It is officially new iPhone season for techies. Apple usually announces its new phones in early September, and rumors about the gadgets are already flying. But earlier this month, the Chinese phone maker Huawei became the second-largest phone manufacturer in the world by market share. Samsung is No. 1. That's a big deal because Apple needs to sell lots of high-end phones in China where Huawei dominates and because Huawei got to No. 2 in the world without even selling phones in America. Most Chinese-made phones are unofficially banned because of government security concerns. Ryan Reith keeps track of the mobile phone industry at research firm IDC. He spoke with Marketplace Tech host Molly Wood and said Chinese phone makers are getting increasingly powerful. The following is an edited transcript of their conversation.
Ryan Reith: I think it's very clear when you look at Huawei. But not only them. If you look at basically the next three vendors as well, which would be, as of the last quarter, Xiaomi, Oppo, and Vivo, Chinese [original equipment manufacturers] as well. These are four of the top six companies that are all doing very well. They're growing market share. They're moving into new markets and they're all nonexistent in the U.S. So I think those companies prove that they can operate and grow globally without the U.S. But, having said that, we still do believe that the U.S. is clearly a very important market.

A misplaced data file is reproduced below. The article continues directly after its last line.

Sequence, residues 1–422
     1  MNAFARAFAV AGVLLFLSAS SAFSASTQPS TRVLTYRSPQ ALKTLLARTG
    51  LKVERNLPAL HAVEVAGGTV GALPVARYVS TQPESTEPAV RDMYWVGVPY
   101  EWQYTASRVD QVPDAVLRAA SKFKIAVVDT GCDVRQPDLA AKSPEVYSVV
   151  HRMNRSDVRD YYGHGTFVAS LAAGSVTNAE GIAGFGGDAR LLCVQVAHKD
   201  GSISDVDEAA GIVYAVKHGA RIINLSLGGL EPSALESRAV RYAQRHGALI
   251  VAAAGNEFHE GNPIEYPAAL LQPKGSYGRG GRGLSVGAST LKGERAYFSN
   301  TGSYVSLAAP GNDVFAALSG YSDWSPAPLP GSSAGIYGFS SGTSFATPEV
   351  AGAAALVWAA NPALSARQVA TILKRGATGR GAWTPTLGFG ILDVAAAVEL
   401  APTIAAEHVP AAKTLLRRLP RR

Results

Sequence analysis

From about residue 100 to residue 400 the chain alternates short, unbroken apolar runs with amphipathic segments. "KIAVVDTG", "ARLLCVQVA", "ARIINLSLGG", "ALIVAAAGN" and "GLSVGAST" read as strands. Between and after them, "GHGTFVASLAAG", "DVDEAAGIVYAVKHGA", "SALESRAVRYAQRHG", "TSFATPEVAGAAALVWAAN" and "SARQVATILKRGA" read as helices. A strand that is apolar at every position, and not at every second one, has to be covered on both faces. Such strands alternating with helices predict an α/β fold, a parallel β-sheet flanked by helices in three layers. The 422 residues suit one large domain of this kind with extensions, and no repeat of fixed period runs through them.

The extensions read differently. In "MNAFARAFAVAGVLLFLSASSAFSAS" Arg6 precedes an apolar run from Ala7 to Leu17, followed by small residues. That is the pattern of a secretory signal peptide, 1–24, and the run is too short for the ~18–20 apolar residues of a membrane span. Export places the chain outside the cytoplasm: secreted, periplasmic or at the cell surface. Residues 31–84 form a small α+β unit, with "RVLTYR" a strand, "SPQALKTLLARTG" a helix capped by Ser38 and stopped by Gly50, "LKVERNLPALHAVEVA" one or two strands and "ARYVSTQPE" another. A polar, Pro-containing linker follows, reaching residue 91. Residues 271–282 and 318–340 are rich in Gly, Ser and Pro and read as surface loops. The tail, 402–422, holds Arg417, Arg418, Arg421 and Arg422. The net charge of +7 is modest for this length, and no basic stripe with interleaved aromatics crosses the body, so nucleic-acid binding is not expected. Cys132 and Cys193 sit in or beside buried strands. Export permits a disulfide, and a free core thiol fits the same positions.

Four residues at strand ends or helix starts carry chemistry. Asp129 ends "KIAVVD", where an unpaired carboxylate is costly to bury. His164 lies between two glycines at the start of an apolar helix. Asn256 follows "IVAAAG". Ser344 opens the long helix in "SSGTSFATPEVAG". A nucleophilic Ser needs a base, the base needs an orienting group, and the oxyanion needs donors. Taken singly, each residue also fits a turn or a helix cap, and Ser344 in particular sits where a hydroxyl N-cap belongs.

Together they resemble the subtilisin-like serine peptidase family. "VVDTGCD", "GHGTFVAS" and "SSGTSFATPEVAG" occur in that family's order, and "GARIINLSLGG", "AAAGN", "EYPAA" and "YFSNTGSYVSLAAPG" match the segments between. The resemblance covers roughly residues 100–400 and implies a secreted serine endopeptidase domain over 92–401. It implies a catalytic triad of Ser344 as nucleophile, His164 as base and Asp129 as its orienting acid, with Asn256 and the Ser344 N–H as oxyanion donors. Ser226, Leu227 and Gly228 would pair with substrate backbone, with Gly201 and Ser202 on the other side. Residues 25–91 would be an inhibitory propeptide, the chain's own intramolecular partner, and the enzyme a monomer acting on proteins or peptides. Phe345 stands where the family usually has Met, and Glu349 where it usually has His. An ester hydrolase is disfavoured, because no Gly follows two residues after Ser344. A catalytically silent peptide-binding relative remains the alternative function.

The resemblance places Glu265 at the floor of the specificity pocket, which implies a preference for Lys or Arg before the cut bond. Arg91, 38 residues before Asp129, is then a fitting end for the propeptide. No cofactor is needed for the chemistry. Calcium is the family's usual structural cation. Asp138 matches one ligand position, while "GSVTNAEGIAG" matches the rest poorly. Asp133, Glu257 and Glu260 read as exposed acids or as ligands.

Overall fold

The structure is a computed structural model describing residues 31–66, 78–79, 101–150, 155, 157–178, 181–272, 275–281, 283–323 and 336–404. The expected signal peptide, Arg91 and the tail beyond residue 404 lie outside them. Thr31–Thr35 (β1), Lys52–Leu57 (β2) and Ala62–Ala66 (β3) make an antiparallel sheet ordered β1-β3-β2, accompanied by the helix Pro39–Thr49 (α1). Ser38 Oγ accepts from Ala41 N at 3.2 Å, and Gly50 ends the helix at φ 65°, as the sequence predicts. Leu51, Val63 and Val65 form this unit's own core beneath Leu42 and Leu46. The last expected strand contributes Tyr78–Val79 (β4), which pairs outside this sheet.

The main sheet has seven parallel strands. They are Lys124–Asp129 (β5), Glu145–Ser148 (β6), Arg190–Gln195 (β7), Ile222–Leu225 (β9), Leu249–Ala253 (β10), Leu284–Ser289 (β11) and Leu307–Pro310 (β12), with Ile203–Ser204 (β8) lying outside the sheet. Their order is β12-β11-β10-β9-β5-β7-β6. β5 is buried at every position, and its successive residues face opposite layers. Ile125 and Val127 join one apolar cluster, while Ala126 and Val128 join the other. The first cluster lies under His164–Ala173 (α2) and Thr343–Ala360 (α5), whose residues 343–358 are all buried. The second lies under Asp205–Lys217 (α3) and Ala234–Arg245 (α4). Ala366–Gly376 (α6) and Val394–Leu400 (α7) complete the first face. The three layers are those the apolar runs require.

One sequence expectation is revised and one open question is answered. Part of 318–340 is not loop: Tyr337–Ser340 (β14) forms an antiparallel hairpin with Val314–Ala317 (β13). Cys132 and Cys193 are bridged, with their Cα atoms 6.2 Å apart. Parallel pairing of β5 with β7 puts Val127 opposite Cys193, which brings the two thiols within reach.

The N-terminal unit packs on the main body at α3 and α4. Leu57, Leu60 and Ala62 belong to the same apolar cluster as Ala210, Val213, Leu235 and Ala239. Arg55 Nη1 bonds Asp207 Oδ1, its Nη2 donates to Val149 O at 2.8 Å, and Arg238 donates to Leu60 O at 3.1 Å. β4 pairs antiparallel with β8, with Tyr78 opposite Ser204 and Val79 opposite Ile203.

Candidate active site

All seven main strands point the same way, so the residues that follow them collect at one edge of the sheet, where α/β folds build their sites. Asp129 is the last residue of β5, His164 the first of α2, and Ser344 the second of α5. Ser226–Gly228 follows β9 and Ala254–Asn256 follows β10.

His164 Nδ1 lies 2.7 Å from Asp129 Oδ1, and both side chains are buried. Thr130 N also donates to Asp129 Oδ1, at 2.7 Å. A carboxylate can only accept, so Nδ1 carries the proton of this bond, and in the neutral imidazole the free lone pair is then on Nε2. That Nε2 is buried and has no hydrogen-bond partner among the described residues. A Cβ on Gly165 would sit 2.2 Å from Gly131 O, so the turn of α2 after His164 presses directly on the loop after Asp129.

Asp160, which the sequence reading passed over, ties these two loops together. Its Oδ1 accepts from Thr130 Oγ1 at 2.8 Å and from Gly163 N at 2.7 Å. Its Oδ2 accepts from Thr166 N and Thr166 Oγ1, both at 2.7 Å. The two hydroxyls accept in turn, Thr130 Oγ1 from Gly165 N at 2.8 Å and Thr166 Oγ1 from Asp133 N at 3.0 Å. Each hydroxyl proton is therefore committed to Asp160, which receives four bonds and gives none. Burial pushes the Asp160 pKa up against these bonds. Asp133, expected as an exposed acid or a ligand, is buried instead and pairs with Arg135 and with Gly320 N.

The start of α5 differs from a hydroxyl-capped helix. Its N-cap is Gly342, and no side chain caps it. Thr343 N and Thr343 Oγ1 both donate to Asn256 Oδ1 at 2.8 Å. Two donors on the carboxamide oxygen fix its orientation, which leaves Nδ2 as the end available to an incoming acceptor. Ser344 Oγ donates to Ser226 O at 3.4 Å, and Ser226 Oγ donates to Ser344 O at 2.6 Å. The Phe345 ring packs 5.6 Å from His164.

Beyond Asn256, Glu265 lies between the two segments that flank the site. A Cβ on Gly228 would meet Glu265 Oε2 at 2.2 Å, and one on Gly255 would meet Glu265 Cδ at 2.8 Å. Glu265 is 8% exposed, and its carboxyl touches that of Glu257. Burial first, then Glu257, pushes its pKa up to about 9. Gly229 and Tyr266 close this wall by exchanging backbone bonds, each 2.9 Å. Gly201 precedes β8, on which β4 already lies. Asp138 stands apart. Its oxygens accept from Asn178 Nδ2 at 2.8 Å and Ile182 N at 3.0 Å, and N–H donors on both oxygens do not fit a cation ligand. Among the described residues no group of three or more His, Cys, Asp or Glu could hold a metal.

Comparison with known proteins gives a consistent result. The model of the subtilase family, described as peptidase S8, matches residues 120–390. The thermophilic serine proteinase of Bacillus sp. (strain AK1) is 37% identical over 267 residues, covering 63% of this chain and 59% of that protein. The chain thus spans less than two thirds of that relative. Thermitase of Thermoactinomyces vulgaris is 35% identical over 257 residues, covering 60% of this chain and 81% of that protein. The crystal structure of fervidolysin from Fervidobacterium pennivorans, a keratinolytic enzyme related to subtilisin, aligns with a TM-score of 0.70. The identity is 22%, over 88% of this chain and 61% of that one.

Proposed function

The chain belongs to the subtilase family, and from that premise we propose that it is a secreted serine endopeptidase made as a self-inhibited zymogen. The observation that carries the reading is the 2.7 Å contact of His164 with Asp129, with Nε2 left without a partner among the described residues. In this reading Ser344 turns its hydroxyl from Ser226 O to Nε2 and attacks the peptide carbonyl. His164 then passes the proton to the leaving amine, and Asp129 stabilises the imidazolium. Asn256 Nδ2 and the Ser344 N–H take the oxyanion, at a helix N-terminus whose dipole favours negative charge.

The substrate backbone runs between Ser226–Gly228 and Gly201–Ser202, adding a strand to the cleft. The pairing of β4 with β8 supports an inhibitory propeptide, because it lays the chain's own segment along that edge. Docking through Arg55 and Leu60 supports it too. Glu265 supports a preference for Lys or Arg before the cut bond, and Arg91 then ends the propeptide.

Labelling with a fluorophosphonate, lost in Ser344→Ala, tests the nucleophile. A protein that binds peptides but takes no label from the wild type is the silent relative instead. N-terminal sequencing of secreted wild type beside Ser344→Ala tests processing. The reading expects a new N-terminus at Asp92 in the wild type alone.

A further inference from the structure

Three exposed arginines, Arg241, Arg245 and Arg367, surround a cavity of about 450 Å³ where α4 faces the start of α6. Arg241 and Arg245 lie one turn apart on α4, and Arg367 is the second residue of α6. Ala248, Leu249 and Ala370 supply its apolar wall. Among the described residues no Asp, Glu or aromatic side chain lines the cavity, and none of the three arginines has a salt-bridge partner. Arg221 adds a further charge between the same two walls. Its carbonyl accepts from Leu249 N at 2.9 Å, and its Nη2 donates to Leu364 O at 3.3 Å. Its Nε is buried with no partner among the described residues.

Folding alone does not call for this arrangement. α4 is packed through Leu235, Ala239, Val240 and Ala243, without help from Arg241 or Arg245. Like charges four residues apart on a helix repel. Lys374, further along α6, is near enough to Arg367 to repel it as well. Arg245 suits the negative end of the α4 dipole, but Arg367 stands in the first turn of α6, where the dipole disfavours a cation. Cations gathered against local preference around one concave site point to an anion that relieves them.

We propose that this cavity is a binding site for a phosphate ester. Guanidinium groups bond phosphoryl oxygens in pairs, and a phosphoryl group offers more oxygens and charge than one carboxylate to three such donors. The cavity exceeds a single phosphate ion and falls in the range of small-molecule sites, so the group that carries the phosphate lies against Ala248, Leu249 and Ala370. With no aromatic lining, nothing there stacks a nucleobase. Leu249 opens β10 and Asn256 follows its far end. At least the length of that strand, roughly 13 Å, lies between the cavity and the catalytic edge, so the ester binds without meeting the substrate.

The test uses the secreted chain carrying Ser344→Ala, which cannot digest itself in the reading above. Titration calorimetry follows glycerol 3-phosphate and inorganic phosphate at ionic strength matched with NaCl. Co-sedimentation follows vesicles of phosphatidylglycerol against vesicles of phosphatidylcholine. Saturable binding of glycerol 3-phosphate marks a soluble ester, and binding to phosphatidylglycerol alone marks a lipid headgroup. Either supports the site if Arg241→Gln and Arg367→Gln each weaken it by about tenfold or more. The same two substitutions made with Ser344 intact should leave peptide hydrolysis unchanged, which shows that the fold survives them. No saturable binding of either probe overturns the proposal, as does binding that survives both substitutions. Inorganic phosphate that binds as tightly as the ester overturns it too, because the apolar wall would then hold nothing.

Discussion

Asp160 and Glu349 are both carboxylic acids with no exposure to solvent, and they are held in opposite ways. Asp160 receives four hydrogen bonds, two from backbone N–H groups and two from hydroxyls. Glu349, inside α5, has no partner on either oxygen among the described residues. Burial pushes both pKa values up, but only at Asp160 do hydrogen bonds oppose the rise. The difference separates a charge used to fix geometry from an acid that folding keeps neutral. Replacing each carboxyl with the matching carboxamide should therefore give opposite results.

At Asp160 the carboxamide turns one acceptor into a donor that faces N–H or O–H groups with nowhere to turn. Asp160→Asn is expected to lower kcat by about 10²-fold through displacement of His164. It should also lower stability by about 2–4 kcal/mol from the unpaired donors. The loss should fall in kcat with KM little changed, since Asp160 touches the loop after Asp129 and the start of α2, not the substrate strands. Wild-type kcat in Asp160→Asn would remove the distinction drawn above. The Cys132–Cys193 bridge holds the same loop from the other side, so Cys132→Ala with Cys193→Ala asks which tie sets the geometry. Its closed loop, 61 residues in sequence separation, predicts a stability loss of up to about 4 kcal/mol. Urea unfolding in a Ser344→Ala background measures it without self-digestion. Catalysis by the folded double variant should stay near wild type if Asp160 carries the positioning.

Molly Wood: Well then, how about the China market? Apple, for example, is clearly not in trouble, but there are suggestions that China and other emerging markets are really important to their future growth because the U.S. smartphone market, that pace of upgrading has slowed. Could those markets be getting sewn up by Huawei and Xiaomi and the other Chinese manufacturers?
Reith: Yeah, China is a very important market. No. 1, because it represents a third of the world's phone consumption and most phones are actually manufactured there. So it's a very important market for technology and certainly smartphones. It's a very important market for Apple. What's helped them is the fact that their target audience in China has been very limited to the Tier 1 cities, and even within that, a very select audience — those with the disposable income that goes towards premium products. So they've done very well there. And typically that premium section doesn't always decline in the same sort of ways that you see the mass market, which is a lot of low-end there because that's sort of more economy-driven than the top of the market. So they've fared fairly well. They've remained in the top five.
Wood: What companies should be most worried about the rise of these Chinese OEMs and Huawei in particular?
Reith: I think Samsung. What we've seen is that they're selling more low-end phones than they were five years ago, with significant differences in terms of our research. So the lower you go, usually the lower the margins means you don't make as much revenue. So I think they're already feeling the pressure, and I don't think this is just coming from Huawei. I think it's actually probably coming more from some of these other guys that I've mentioned a few times.
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